A Story about Family and Race in Antebellum Virginia
Publication Year: 2012
There were several paths to freedom for slaves, each of them difficult. After ten years of elaborate dealings and negotiations, Johnson earned manumission in August 1812. An illiterate “mulatto” who had worked at the tavern in Warrenton as a slave, Johnson as a freeman was an anomaly, since free blacks made up only 3 percent of Virginia's population. Johnson stayed in Fauquier County and managed to buy his enslaved family, but the law of the time required that they leave Virginia if Johnson freed them. Johnson opted to stay. Because slaves' marriages had no legal standing, Johnson was not legally married to his enslaved wife, and in the event of his death his family would be sold to new owners. Johnson's story dramatically illustrates the many harsh realities and cruel ironies faced by blacks in a society hostile to their freedom.
Wolf argues that despite the many obstacles Johnson and others faced, race relations were more flexible during the early American republic than is commonly believed. It could actually be easier for a free black man to earn the favor of elite whites than it would be for blacks in general in the post-Reconstruction South. Wolf demonstrates the ways in which race was constructed by individuals in their day-to-day interactions, arguing that racial status was not simply a legal fact but a fluid and changeable condition. Almost Free looks beyond the majority experience, focusing on those at society's edges to gain a deeper understanding of the meaning of freedom in the slaveholding South.
Published by: University of Georgia Press
Title Page, Copyright, Dedication
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List of Illustrations
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This book is not fiction. I have not made up facts, moved events around in time, or invented dialogue. But this book, even more than most history books, is an act of imagination. I wanted to bring to life a person who reached...
1. A New Birth of Freedom
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Samuel Johnson stepped from the dim courthouse to the bright outdoors, the air heavy with late summerâs smellsâgrass, earth, horses, sweat. The town center stirred with the bustle of court day. Men and women from miles around had come to...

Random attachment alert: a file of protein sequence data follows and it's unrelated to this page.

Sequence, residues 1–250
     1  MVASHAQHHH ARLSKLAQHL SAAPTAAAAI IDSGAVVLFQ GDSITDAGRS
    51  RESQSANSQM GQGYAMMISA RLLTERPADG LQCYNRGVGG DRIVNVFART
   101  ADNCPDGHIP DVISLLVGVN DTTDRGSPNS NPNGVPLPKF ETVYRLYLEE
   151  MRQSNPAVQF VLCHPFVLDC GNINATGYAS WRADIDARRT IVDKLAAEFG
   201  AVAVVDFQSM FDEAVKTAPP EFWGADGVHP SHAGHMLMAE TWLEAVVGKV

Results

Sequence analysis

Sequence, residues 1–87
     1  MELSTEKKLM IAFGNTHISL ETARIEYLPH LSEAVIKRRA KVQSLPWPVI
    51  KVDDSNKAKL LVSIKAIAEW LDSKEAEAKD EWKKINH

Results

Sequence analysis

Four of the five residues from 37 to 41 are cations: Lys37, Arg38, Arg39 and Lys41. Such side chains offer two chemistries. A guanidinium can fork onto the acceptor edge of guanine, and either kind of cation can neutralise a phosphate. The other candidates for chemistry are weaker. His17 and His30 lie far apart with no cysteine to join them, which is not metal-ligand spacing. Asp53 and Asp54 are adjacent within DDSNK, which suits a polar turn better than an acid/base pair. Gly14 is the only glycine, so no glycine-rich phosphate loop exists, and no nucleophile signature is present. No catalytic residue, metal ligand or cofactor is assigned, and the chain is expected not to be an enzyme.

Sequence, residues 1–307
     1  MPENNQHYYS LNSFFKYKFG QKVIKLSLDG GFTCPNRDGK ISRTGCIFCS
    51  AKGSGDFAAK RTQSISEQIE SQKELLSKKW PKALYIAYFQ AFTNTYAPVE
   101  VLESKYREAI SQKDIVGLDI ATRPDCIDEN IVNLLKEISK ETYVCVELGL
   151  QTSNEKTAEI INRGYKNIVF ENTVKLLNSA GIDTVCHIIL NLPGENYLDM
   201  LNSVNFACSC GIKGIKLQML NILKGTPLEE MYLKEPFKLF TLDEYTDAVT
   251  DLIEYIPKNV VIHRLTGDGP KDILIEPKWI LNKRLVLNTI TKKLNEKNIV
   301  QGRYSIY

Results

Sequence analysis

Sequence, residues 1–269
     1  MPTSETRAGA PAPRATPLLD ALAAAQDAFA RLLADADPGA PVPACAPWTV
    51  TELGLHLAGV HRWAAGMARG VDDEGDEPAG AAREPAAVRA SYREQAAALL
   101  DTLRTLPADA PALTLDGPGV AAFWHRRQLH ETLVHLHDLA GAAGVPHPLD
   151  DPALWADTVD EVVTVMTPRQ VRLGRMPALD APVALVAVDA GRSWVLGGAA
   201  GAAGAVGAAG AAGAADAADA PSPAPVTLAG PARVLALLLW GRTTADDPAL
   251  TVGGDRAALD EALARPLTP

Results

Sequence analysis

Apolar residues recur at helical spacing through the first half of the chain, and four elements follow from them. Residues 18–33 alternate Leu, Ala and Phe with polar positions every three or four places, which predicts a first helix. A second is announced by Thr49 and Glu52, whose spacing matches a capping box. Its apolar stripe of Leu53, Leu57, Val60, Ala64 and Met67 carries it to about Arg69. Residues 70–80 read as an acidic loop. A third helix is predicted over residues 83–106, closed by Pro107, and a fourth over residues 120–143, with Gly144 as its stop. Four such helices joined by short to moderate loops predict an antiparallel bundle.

2. Among an Anomalous Population
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The first step Samuel Johnson had to take to free his family was to purchase them. They would not then be free. They still would be slaves. But with Johnson as their owner they would not be sold away from him...
3. Petitioning for Freedom in an Era of Slavery
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For a while Samuel Johnson could accept that he held his family as his slavesâbut only for a while. As he aged, he worried more and more about it. Johnson knew that their legal status held great importance...
4. Visions of Rebellion
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Perhaps Nat Turner was responding partly to the greater restrictions on liberty in Virginia when he plotted what became the most famous and most deadly slave rebellion in American history. In late August...
5. Race, Identity, and Community
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Spencer Malvin had decided who he wanted to be: a free man in a free state where he could freely denounce slavery. His departure forced others to make choices about their identities too. One enslaved man named Sandy chose...
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Samuel Johnson did die before he left. Or, rather, he left only by dying. Johnson had long feared what would happen upon his death. If he believed in heaven he could be pretty sure that he would go there, but he feared death...
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It is possible to trace Samuel Johnsonâs descendants into the early twenty-first century. I began that quest in an effort to find living descendants, with the hope that they might share some family stories...
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Acknowledgments sections, like Samuel Johnsonâs petitions to the Virginia legislature, tend to be formulaic. But I mean what I say as sincerely as he did. It really is a great pleasure to thank the many people who helped make this book...
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Page Count: 192
Illustrations: 6 b&w photos, 1 map
Publication Year: 2012
Series Title: Race in the Atlantic World, 1700-1900